Why you should care
OZY’s Eugene S. Robinson addresses queries from the love-weary in “Sex With Eugene.”
How Gay Is Gay?
EUGENE, SIR: I like having sex with other men, specifically heterosexual men. A friend has told me that if I’m having sex with heterosexual men, then they’re not heterosexual. I think if a man has never had sex with another man before, then he’s heterosexual. What do you think? — Joey
Dear Dr. J: I could get into the whole Masters and Johnson take on the sometimes fungible nature of sexual identification, but then I’d have to also get into their belief in the “science” of gay conversion therapy, as well as some of the more questionable narratives in their history as sex and medical researchers. So I won’t. Instead, I’ll bid them adieu while acknowledging that at the very least Masters and Johnson were responsible for some serious thought directed toward our most enduring and existential efforts to discuss coitus without snickering like 12-year-olds.
That being said, if there were fewer social sanctions against male homosexuality we’d probably see more of it as men developing sexual identities figured out the parameters of those identities. That’s leading me to sort of agree with you: If a man who has never slept with another man before sleeps with one once and then returns to exclusively having sex with women, that guy is very possibly “heterosexual.” Even if the fact of him having sex with a man argues against him being exclusively heterosexual.
If that strengthens your belief that, like Kurt Cobain once sang, “everyone is gay,” I’d have to say that that’s probably not correct. I mean, lots of people like lots of different things, but usually we find these generalities — gay, straight, bi, bi-curious — useful as identifiers because they’re shorthand that makes getting through the day a little easier.
You might also want to ask yourself whether your desire to have sex with men who are not “homosexual” is a product of some form of self-hate. Not for you to answer here, or for me to try to answer for you. Just something to think about. Which I guess is why you were asking me in the first place.
The Medical Community Bites Back
EUGENE, SIR: In last week’s column [“How Your Butt Is Touched vs. Who Touches It: Discuss”], your answer to the man asking about HPV wasn’t quite accurate. I know this because I’m a doctor. I also know you’re not a doctor. You do a good job of directing people to real ones, but I didn’t want to let this go without some information that could actually help folks.
HSV, or the herpes simplex virus, is what everybody excepting nuns and virgins could get. HPV, human papillomavirus, is sexually transmitted and is the cause of cervical cancer. Although as many as 25 percent of people test positive for HPV, many never have a visible manifestation of infection. I understand what led you to the belief that this was a nothing burger — the lack of symptoms — but as I loudly and annoyingly repeated during medical school, residency and private practice: Cervical carcinoma looks exactly like HPV infection under a microscope, and subsequently the cause of cervical cancer has been determined to be overwhelmingly HPV infection.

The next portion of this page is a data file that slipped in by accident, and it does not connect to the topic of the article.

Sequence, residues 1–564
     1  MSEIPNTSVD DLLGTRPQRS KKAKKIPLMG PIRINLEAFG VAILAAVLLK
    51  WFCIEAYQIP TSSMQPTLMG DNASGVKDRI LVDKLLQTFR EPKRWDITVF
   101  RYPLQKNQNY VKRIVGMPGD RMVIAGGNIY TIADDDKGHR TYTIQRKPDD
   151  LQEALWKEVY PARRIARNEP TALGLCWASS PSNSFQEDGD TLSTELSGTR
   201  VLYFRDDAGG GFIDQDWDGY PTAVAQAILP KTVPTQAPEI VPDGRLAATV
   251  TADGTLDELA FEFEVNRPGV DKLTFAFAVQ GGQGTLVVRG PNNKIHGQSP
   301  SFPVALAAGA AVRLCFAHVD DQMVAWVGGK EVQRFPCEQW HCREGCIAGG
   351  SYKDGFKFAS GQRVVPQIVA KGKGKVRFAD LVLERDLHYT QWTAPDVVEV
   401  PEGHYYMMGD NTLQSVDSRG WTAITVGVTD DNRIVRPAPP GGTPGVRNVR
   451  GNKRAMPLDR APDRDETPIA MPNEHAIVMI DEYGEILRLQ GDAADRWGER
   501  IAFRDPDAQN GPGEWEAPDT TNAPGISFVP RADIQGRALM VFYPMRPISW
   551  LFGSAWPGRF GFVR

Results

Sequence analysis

Sadly, this, like so many things in the sex game, turns out to be mostly a women’s problem since men don’t seem to die from HPV-related cancer. Men, however, do see their female loved ones die from cervical cancer. That reality is being increasingly stressed in the education of young people regarding the very safe and effective vaccine. Which everyone should get. Even nuns. — The Doc
Dear Wot’s Up: Couldn’t have said it better myself. Really.
EUGENE, SIR: My ex and my current boyfriend used to be friends. Fortunately, we don’t have to socialize with each other often, and when we do it’s in a professional context (we’re all in the same business). My ex and my current are physically very different, but rather than that making them more comfortable with how things turned out, they seem to be competing with each other sexually. This is weird and not cool. Outside of switching professions, is there any way you can think of to change this dynamic? — Name withheld by request
Dear Betwixt a Rock + a Hard Place: I have scant information outside of what you’ve told me, but like Pascal’s wager, let’s break it down. If the ex is more handsome than the current boyfriend, the current will assume a whole array of things that may not be correct. For example, that your ex was also better in bed. The current should process that it may not be so much that the ex was better in bed but rather that the ex himself was not good enough.
If the ex is less handsome than the current, the current will assume this is the natural order of things. Of course, this may also make him feel like he’s doing you a favor, which might be sexually destabilizing.
In the first case, to upend the dynamic? Dump the current, stop speaking to the ex, find someone sane. And sexy.
In the second case? Dump the current, stop speaking to the ex, find someone sane. And sexy.
While sane and sexy don’t aways go together, it’s a good sight better than being stuck in some version of 12th grade, which is where you seem to be now. Until then? Good luck finding an adult male who is perfectly comfortable in the here and now.